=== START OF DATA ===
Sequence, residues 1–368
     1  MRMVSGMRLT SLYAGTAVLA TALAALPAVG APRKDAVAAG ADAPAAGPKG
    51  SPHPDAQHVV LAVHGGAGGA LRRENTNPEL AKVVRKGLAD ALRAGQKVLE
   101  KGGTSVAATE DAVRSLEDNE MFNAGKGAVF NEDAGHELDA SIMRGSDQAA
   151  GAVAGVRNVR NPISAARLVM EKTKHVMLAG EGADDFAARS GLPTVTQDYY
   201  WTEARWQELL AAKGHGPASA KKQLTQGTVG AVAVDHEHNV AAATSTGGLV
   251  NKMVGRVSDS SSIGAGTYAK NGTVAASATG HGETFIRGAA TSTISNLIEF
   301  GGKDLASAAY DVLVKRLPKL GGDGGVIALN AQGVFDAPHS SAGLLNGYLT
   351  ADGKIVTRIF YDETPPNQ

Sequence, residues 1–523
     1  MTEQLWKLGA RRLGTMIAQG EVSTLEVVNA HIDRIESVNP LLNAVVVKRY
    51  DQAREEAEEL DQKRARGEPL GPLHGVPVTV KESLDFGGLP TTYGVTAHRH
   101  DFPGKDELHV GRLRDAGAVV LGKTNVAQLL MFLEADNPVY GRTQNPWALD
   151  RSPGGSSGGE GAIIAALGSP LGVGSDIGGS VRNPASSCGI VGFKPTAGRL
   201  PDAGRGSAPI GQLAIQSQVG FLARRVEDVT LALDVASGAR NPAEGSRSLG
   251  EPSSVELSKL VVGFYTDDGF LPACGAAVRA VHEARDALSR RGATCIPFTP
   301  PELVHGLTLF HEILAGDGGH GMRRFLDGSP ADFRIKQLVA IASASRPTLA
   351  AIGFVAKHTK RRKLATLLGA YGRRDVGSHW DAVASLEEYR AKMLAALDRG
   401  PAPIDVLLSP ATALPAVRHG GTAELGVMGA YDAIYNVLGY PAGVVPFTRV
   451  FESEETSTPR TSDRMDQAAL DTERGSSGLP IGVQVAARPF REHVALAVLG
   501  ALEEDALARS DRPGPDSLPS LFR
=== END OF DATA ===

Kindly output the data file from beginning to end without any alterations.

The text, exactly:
Sequence, residues 1–368
     1  MRMVSGMRLT SLYAGTAVLA TALAALPAVG APRKDAVAAG ADAPAAGPKG
    51  SPHPDAQHVV LAVHGGAGGA LRRENTNPEL AKVVRKGLAD ALRAGQKVLE
   101  KGGTSVAATE DAVRSLEDNE MFNAGKGAVF NEDAGHELDA SIMRGSDQAA
   151  GAVAGVRNVR NPISAARLVM EKTKHVMLAG EGADDFAARS GLPTVTQDYY
   201  WTEARWQELL AAKGHGPASA KKQLTQGTVG AVAVDHEHNV AAATSTGGLV
   251  NKMVGRVSDS SSIGAGTYAK NGTVAASATG HGETFIRGAA TSTISNLIEF
   301  GGKDLASAAY DVLVKRLPKL GGDGGVIALN AQGVFDAPHS SAGLLNGYLT
   351  ADGKIVTRIF YDETPPNQ

Sequence, residues 1–523
     1  MTEQLWKLGA RRLGTMIAQG EVSTLEVVNA HIDRIESVNP LLNAVVVKRY
    51  DQAREEAEEL DQKRARGEPL GPLHGVPVTV KESLDFGGLP TTYGVTAHRH
   101  DFPGKDELHV GRLRDAGAVV LGKTNVAQLL MFLEADNPVY GRTQNPWALD
   151  RSPGGSSGGE GAIIAALGSP LGVGSDIGGS VRNPASSCGI VGFKPTAGRL
   201  PDAGRGSAPI GQLAIQSQVG FLARRVEDVT LALDVASGAR NPAEGSRSLG
   251  EPSSVELSKL VVGFYTDDGF LPACGAAVRA VHEARDALSR RGATCIPFTP
   301  PELVHGLTLF HEILAGDGGH GMRRFLDGSP ADFRIKQLVA IASASRPTLA
   351  AIGFVAKHTK RRKLATLLGA YGRRDVGSHW DAVASLEEYR AKMLAALDRG
   401  PAPIDVLLSP ATALPAVRHG GTAELGVMGA YDAIYNVLGY PAGVVPFTRV
   451  FESEETSTPR TSDRMDQAAL DTERGSSGLP IGVQVAARPF REHVALAVLG
   501  ALEEDALARS DRPGPDSLPS LFR